Ruby project yields to Microsoft
All for one
A community driven project for Ruby source code to run natively on Microsoft's .NET framework has shut down, faced by progress from an official Microsoft effort.
Microsoft, meanwhile, has welcomed Ruby.NET project participants to its IronRuby project, licensed under the Microsoft Public License (Ms-PL).
John Lam, a Microsoft Dynamic Language Runtime (DLR) team programmer, said Ruby.NET project leader Wayne Kelly is "refocusing" his efforts on IronRuby.
Kelly has moved to head off suggestions Microsoft pressured him to kill Ruby.NET, which initially received funding from Microsoft Research. Ruby.NET lags IronRuby overall, but its parser is being added to Microsoft's effort.
Kelly indicated on the Ruby.NET mailing list that Ruby.NET was simply overtaken despite getting a good head start.
Last year's release of Microsoft's IronRuby had called into question Ruby.NET's "unstated goal" of heading towards a production-quality version. Kelly got on board with IronRuby following last week's Lang.NET Symposium where the projects compared progress. "I've come to the conclusion that the DLR is clearly here to stay - it's becoming an even more important part of the Microsoft platform," Kelly said.
"Whilst Ruby.NET initially had a good head start on the IronRuby project; by incorporating the Ruby.NET parser and scanner and by leveraging the DLR, I now believe that IronRuby is more likely to succeed as a production-quality implementation of Ruby on the .NET platform," Kelly said.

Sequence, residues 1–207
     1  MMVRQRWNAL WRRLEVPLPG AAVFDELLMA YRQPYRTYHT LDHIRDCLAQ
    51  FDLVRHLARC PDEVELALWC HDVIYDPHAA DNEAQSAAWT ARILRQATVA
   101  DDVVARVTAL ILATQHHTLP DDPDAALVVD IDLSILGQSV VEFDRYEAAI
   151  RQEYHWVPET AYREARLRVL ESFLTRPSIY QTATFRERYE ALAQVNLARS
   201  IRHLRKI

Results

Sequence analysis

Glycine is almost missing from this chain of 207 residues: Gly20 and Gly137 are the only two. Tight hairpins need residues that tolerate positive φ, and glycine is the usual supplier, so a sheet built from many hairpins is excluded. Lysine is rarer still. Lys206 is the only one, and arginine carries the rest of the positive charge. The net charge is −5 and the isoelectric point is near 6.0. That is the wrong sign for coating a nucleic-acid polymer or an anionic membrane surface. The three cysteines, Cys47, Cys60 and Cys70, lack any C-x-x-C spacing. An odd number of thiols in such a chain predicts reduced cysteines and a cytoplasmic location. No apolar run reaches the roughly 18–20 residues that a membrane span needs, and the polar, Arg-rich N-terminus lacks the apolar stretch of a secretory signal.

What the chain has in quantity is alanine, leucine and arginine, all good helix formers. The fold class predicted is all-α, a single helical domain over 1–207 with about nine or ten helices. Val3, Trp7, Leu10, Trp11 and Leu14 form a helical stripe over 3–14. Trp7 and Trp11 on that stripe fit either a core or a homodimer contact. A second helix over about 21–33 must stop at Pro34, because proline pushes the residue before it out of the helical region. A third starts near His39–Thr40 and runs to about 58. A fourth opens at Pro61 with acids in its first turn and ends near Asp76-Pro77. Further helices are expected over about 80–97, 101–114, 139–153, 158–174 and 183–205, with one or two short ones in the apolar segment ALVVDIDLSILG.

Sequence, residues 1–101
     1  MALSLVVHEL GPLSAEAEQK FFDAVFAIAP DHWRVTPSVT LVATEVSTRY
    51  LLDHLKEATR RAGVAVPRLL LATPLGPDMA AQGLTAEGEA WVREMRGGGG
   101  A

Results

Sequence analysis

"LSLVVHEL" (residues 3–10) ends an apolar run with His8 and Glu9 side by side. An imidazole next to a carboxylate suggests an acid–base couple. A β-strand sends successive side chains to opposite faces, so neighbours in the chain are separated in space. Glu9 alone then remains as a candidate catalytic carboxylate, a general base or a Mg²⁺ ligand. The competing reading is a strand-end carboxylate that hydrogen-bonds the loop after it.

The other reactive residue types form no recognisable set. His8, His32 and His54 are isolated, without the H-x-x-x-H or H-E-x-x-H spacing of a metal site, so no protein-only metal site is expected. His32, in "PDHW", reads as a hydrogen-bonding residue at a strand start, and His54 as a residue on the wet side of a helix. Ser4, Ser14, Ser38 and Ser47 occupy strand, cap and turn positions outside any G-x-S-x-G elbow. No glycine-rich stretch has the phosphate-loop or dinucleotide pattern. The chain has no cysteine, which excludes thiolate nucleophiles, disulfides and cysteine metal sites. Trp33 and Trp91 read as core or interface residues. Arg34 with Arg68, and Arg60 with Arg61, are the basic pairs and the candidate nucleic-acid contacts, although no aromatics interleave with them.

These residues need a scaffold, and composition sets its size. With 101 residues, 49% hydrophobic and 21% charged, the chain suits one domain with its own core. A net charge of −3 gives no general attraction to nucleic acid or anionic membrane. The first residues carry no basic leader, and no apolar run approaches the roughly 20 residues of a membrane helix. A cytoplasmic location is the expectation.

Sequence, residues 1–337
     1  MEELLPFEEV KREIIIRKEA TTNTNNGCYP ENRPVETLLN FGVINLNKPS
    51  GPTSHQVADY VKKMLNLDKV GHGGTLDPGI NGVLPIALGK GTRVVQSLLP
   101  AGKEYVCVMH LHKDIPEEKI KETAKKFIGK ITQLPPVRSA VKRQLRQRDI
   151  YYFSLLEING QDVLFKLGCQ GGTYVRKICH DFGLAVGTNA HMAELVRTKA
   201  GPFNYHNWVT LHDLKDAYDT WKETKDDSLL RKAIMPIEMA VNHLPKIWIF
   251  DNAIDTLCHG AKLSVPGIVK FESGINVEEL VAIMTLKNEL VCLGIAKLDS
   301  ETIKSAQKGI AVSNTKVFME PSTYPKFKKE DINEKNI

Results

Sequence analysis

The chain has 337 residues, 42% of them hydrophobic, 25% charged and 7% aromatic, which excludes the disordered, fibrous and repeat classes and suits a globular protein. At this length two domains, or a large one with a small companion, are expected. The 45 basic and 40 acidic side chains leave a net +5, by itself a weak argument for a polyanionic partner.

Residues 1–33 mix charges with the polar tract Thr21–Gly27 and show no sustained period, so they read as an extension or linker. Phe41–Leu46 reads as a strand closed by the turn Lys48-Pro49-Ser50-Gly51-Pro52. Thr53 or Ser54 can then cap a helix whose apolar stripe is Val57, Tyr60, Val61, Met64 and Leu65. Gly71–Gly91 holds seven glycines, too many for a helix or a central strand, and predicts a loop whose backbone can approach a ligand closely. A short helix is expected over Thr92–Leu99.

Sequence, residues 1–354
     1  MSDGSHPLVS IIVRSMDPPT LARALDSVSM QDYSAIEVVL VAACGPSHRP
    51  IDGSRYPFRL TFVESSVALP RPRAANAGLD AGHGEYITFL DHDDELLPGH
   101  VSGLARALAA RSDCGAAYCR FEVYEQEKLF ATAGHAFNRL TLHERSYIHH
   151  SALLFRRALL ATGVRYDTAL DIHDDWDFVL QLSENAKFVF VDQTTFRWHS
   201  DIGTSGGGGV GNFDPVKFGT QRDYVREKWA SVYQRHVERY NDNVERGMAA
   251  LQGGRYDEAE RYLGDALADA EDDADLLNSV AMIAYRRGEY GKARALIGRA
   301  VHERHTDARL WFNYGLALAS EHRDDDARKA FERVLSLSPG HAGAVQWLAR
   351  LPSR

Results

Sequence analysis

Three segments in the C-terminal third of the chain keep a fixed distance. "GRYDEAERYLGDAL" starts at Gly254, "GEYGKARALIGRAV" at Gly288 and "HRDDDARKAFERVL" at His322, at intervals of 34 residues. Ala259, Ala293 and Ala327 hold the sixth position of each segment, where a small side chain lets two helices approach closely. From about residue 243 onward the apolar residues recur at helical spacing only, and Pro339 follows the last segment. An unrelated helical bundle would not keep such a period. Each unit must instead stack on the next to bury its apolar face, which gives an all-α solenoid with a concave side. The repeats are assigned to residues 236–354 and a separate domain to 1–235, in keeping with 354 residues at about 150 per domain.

The DLR, unveiled by Microsoft in May 2007, adds a set of features to the .NET framework's Common Language Runtime (CLR) designed to improve the performance of scripting languages on the CLR and to also enable them to share code.
Lam, who joined Microsoft in 2006 having built the RubyCLR for Ruby applications on .NET, welcomed the end of duplicate Ruby efforts. "More people working in parallel on libraries means that folks will get a working Ruby on .NET that runs real programs sooner. And that's goodness for everyone, from the contributors who want to see their code used, to devs who want to write Ruby programs on the .NET," he said.®
One weird thing
I went to a talk on IR some weeks ago and apparently they aren't allowed to look at what the guys at Sun/Thoughtworks have done with JRuby - odd because C# and Java are very similar languages.
I've played with the idea of trying to port JRuby into C#, but have to many other things to do - if anyone else wants to have a go - go ahead!
"Watch and learn as "Microsoft's effort" vanishes from the open source domain over time (assuming it's even there to begin with), leaving that company in charge of yet another proprietary, lock-in product."
You mean like how Microsoft killed Java with J++/J#? Actually, if it weren't for the good OSS frameworks that sprung up to save it, Sun would have managed to kill Java all on its own.
Big Picture Poker ....Rocky Smokey Mountains High Stakes
"if you're an ISVs who releases a product that's already integrated into Windows/VS/Office or whatever, people will beat a path to your door with great big sacks bursting with cash. Wait, no, erm, that's not... oh."
The Bankers could certainly do with fronting that ISV ..... IT'll make them an Obscene Fortune which they can Put to Good Beta Best Practise Use. From Pariah to Hero in One Simple Move....... for CheckMate and a New NeuReal Great Game with them Flush in Control.